PARIS — A space insurance executive confirmed Sept. 11 that a spate of recent claims is increasing rates and leading some insurers to reconsider their place in the market.
In a presentation at Euroconsult’s World Satellite Business Week here, Dominique Rora, senior space underwriter at AXA XL, said the underlying problem was not the claims themselves but rather declining premiums that cased back-to-back losses for the industry in 2018 and 2019.
“In recent months there have been a number of claims, and the amount is quite high. It is high, but not out of the norm,” he said. “What has been of particular importance over the past few years is the decreasing trend in premium.”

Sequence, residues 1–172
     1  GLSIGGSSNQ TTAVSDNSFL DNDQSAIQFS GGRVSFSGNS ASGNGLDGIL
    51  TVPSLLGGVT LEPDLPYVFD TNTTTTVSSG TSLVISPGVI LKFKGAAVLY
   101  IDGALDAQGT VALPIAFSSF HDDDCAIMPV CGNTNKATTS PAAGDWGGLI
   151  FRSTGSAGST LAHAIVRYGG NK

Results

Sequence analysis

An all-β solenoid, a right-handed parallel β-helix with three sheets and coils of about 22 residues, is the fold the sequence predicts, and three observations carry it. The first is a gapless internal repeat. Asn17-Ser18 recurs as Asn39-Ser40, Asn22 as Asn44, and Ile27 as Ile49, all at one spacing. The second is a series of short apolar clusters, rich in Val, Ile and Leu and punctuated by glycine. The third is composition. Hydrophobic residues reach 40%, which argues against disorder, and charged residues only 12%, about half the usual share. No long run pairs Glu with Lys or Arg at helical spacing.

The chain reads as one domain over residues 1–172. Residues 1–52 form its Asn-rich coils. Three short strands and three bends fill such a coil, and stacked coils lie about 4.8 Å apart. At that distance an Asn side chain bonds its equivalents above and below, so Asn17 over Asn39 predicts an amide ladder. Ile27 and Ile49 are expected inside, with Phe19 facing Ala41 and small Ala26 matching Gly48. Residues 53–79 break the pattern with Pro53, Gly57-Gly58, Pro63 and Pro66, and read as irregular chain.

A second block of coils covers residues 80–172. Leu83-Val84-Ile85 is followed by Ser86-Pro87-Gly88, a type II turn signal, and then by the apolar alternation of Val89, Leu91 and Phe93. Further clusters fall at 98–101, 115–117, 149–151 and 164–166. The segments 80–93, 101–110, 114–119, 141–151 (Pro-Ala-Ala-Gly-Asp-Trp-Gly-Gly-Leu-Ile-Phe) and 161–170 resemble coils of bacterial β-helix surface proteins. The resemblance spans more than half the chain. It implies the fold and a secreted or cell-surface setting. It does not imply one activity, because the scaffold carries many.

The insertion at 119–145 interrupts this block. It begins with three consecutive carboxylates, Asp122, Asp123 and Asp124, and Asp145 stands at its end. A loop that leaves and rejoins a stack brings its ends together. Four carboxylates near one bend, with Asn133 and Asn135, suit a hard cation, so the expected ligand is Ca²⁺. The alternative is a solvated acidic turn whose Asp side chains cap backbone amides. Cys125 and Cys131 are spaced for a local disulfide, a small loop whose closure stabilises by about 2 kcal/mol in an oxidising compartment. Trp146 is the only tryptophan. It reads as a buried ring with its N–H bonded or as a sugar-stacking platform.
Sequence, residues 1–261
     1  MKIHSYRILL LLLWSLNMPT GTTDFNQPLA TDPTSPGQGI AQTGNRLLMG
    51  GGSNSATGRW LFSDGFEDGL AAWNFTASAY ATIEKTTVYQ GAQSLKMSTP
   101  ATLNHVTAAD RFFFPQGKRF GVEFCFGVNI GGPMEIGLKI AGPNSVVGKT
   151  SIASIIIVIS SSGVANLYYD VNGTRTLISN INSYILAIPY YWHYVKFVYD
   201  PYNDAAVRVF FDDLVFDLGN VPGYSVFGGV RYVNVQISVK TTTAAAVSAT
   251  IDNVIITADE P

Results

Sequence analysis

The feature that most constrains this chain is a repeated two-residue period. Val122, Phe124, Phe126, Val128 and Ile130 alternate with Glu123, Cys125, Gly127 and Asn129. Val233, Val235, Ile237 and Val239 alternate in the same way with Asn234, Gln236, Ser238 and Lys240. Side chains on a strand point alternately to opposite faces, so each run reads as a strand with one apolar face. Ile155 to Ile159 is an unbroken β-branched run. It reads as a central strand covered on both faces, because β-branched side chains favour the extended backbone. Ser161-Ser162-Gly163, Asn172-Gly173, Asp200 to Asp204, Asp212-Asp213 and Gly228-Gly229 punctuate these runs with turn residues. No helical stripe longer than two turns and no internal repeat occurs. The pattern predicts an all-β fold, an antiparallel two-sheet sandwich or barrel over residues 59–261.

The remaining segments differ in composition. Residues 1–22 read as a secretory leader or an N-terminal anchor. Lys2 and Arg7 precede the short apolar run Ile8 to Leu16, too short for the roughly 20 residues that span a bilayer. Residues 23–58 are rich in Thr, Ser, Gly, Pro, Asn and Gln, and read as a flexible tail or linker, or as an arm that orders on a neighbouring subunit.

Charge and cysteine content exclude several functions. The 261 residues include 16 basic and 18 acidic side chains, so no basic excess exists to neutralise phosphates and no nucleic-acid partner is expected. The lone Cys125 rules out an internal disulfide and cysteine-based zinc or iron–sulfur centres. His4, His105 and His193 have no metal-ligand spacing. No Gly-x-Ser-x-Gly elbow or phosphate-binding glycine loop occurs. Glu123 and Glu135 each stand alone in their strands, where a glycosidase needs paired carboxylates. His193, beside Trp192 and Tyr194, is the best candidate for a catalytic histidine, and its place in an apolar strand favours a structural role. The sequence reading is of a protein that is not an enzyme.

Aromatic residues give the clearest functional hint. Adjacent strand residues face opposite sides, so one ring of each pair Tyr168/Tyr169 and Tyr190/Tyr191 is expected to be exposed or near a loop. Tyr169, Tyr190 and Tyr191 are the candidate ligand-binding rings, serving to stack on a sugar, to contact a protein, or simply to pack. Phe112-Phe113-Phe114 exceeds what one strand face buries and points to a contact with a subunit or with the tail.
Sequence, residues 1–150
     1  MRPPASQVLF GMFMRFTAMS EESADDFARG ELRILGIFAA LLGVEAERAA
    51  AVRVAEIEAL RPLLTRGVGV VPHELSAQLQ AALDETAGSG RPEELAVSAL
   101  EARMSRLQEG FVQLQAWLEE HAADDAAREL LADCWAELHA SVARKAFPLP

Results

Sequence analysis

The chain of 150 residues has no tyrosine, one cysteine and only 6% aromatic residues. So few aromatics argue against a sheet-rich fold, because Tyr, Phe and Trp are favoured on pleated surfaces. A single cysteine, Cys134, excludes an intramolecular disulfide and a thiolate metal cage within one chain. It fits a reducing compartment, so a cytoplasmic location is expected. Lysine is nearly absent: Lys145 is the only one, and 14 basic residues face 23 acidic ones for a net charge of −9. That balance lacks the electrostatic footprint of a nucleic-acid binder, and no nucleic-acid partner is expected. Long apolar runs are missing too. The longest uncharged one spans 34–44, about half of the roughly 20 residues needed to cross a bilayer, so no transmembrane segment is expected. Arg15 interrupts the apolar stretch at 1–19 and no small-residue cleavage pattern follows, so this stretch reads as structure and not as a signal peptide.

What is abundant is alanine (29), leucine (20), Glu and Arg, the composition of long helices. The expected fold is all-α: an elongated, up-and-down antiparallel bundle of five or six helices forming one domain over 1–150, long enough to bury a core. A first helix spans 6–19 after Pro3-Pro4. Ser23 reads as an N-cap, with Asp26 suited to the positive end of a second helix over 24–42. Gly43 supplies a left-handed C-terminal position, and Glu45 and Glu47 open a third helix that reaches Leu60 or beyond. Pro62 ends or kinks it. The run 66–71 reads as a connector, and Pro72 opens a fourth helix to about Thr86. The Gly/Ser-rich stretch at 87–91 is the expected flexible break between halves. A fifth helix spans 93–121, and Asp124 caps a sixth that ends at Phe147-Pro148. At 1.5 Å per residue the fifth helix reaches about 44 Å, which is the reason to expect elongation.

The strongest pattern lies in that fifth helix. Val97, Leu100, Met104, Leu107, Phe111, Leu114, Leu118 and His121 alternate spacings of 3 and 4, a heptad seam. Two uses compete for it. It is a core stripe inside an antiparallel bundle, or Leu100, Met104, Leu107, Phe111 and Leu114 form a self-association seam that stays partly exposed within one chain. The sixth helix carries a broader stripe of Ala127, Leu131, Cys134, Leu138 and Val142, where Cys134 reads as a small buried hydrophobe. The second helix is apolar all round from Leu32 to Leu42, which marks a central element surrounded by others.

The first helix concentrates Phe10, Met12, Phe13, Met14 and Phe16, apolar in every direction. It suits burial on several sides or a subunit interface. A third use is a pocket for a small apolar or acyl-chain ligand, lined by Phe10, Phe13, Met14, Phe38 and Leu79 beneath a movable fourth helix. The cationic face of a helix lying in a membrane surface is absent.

Those claims include the July launch failure of a Vega rocket carrying the United Arab Emirates’ Falcon Eye-1 imaging satellites, which at $415 million is the largest single claim to date. Maxar Technologies’ WorldView-4 imaging satellite failed in orbit in January, resulting in a $183 million claim that the company said in May would be fully paid out by insurers.
Those losses appear to have put an end to a long trend of declining rates. Rora noted that, in 2003, rates for launch put the ...